If the component 1116 does meet the server's requirements and is consequently added to the component catalog 804, the server 104 can then display the component 1116 in the component catalog 804 for potential purchase. Thus, if a second company 1108 views the component catalog 804 (e.g., via the component showroom 844), the second company 1108 can purchase version 1 of the component 1116. After the sale, the server 104 subsequently transmits the component 1116 to the second company 1108, illustrated with arrow 1124. In one embodiment, the first company 1104 may be compensated for any sale of version 1 of the component.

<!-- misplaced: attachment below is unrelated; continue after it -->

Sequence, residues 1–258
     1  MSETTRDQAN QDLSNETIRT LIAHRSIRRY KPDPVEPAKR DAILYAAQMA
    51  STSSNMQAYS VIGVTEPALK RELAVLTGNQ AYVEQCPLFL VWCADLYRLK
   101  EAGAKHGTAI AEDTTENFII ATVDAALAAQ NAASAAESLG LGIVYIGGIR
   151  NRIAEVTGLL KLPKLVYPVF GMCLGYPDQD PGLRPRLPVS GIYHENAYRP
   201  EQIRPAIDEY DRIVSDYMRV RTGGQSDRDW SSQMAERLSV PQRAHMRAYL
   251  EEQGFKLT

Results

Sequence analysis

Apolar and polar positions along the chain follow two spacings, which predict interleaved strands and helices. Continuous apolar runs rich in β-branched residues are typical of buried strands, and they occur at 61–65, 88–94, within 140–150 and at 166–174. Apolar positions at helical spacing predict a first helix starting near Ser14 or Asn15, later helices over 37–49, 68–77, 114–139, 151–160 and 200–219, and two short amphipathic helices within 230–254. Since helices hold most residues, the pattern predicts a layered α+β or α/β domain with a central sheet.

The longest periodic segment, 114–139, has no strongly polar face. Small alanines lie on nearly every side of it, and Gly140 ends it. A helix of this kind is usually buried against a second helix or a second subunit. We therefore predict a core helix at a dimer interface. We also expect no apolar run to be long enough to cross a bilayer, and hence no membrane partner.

Referring to FIG. 12, in one embodiment the second company 1108 purchases version 1 of the component and subsequently modifies the component 1116, shown with modification arrow 1128. A modification is, for example, an improvement (e.g., efficiency increase, smaller memory requirements), deletion (e.g., of an unneeded step or feature), and an addition (e.g., of a complimentary feature or function) to the component 1116. Another example of a modification is the integration of the component 1116 into another component (e.g., a larger component). In response to the modification, version 1 of the component 1116 becomes, for example, version 1.1 of the component 1116′. In one embodiment, the remote update tracking module 1112 transmits a message to the server 104 stating that the second company 1108 has modified the component 1116. In further embodiments, the remote update tracking module 1112 then transmits (or, e.g., queries and transmits) the modified version 1.1 to the server 104, as shown with arrow 1132. Upon receipt of version 1.1 of the component 1116′, the server 104 and/or development team members determine whether the modified component 1116′ can be added to the component catalog 804 by performing the steps illustrated in FIG. 4. In one embodiment, when version 1.1 of the component 1116′ is added to the component catalog 804, version 1.1 replaces version 1 of the component 1116. Alternatively, version 1.1 of the component 1116′ is added as another component in the component catalog 804. The replacement or addition of version 1.1 of the component 1116′ may depend on the amount of changes relative to version 1 of the component. Furthermore, the update tracking module 1012 may notify each customer who previously purchased version 1 of the component 1116 that an updated version 1.1 has been added to the component catalog 804. The other modules 1008, 1016, 1020 may also notify customers about, for example, additional dependencies and available information. Additionally, in some embodiments the second company 1108 is compensated for licenses/sales of copies of the second version of the component 1116′.